“Liminality: A quality of ambiguity and disorientation that occurs in transitory situations and spaces, when a person or group of people is betwixt and between something that has ended, and a new situation not yet begun. During liminal seasons, we occupy space on both sides of a boundary or threshold. We have one foot rooted in something that is not yet over, while the other foot is planted in a thing not yet defined, something not yet ready to begin.” — Susan Beaumont, How to Lead When You Don’t Know Where You’re Going
We are living in liminal times. In so many ways, “what was” is passing away and “what will be” has yet to emerge — as church, as society, as children of God. To live in liminal times is often disorienting and anxiety producing. We have a tendency to try and resolve liminality either by trying to go back to what was or rushing our way out of it and, by our will alone, creating the new.
But as our scripture teaches us, God does God’s best work with people in liminal space. Moreover, God often asks us to live in liminal space far longer than we would like. When the people followed Moses across the Red Sea, they probably thought they were signing up for maybe a week’s journey to the promised land. Nobody had any idea it was a forty-year journey that lay ahead of them.
As we begin 2022, I am aware that the liminality of 2021 has not been resolved. COVID-19 is still with us. We are becoming increasingly conscious of the need to transition to a new way of living — post-colonial and carbon-neutral should be our top priorities — but we are not quite sure what that will look like or how to get there. The anxiety over what the church of the 21st century should be like is still with us and there are no clear answers or “solutions.”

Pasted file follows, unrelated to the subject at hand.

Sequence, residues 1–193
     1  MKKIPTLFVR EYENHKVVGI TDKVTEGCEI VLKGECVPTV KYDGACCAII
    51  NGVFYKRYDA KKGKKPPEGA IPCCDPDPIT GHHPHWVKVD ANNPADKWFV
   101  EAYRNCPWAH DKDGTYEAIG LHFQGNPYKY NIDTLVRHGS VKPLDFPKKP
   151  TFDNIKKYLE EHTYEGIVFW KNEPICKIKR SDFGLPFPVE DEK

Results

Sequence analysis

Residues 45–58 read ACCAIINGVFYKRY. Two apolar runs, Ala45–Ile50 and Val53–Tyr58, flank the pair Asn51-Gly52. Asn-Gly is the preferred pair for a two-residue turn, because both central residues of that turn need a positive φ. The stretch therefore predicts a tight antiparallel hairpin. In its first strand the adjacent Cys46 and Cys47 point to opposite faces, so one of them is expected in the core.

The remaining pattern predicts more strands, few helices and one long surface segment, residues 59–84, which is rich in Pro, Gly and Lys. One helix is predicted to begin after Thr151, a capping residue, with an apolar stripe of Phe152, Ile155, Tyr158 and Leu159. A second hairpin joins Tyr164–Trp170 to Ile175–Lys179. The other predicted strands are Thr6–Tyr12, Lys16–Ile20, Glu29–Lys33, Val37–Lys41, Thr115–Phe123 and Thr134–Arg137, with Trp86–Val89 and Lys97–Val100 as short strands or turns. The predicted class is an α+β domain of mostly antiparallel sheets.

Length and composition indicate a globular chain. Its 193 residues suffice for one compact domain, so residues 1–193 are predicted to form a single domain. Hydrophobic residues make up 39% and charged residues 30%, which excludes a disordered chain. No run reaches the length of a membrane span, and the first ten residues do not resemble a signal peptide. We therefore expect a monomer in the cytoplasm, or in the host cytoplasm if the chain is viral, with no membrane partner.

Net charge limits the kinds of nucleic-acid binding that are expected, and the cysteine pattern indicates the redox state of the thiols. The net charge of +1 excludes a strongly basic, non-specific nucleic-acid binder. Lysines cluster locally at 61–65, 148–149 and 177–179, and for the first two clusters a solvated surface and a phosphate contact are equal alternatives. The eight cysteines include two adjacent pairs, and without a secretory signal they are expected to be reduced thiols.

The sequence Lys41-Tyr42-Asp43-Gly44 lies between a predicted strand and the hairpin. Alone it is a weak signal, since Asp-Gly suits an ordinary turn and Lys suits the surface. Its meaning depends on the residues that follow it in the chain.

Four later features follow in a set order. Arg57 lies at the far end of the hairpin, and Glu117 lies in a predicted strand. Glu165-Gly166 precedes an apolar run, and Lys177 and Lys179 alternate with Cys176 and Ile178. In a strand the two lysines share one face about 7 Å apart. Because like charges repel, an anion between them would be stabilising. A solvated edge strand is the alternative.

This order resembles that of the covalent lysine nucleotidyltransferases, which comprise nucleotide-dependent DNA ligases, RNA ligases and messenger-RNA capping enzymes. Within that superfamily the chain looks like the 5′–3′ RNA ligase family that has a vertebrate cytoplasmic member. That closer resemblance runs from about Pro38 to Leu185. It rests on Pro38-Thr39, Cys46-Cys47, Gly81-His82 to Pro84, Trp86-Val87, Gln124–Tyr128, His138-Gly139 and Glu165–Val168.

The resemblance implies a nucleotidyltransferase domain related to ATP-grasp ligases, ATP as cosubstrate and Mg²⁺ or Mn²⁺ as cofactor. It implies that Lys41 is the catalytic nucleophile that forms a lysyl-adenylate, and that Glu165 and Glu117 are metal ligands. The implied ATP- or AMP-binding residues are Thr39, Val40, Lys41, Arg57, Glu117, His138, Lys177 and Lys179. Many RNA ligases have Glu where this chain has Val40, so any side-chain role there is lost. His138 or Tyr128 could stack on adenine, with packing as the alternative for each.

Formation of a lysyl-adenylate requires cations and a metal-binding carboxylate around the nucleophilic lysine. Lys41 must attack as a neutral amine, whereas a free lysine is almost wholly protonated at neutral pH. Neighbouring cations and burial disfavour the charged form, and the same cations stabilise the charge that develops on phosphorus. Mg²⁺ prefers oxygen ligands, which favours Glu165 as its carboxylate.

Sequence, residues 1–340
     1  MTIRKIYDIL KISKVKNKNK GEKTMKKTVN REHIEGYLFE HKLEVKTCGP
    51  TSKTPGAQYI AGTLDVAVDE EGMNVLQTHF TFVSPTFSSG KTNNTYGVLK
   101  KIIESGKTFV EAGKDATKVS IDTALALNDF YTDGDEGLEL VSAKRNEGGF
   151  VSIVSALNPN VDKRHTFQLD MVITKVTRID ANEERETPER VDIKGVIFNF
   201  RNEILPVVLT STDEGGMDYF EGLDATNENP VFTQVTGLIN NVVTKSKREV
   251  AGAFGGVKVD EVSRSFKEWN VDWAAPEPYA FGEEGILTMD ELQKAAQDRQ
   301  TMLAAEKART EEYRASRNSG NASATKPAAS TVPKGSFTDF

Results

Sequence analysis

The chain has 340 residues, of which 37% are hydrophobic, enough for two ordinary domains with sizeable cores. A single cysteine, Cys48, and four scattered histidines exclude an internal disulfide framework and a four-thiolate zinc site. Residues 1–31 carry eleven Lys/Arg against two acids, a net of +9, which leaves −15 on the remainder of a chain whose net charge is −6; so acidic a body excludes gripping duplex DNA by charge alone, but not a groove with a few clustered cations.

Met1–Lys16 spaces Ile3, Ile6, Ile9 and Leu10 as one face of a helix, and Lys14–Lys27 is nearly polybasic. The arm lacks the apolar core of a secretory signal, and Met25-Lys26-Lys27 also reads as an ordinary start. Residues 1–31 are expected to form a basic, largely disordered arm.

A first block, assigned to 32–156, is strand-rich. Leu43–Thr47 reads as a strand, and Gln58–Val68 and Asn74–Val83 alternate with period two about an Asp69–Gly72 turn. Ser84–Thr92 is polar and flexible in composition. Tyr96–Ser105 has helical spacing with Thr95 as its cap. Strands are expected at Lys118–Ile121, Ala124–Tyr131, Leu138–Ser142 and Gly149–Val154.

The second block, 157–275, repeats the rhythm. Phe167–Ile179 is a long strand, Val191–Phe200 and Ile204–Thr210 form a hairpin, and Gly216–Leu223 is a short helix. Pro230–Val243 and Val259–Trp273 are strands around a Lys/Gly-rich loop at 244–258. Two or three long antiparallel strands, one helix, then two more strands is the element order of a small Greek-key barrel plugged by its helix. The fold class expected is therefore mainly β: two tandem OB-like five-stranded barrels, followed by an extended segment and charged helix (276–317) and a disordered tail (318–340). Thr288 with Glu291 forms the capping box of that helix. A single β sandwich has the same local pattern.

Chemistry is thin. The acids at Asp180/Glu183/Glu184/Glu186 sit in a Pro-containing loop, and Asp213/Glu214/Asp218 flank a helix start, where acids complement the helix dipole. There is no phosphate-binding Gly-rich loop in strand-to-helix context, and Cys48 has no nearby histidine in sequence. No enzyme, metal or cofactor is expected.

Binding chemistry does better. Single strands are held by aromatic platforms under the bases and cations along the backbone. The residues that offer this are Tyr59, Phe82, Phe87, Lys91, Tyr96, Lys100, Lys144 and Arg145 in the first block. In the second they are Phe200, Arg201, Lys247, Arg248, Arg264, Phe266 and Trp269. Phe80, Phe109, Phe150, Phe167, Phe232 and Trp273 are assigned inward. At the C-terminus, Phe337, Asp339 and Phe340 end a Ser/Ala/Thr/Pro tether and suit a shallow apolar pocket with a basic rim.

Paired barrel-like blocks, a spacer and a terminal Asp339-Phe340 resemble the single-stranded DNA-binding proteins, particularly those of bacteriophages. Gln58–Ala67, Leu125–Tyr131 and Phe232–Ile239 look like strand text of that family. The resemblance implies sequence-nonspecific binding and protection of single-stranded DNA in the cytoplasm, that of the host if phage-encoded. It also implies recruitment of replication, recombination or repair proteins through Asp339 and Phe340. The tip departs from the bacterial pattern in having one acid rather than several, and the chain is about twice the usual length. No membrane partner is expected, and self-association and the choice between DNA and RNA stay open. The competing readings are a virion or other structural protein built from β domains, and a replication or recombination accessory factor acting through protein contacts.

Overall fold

But I remain firm in the faith that God does God’s best work with people in liminal space. I believe that this liminal space, as uncomfortable as it may be, is a holy place that is full of potential.
It has been an honour and a privilege to serve as your bishop this past year. As we begin 2022, I look forward to coming to know the people of this diocese, to meeting those I have not yet met and to going deeper with those I am only just beginning to know. We have much to learn, much to discern and much with which to wrestle. May we discern the voice of God and the tremendous potential and promise of our time. May we begin 2022 full of humility and hope.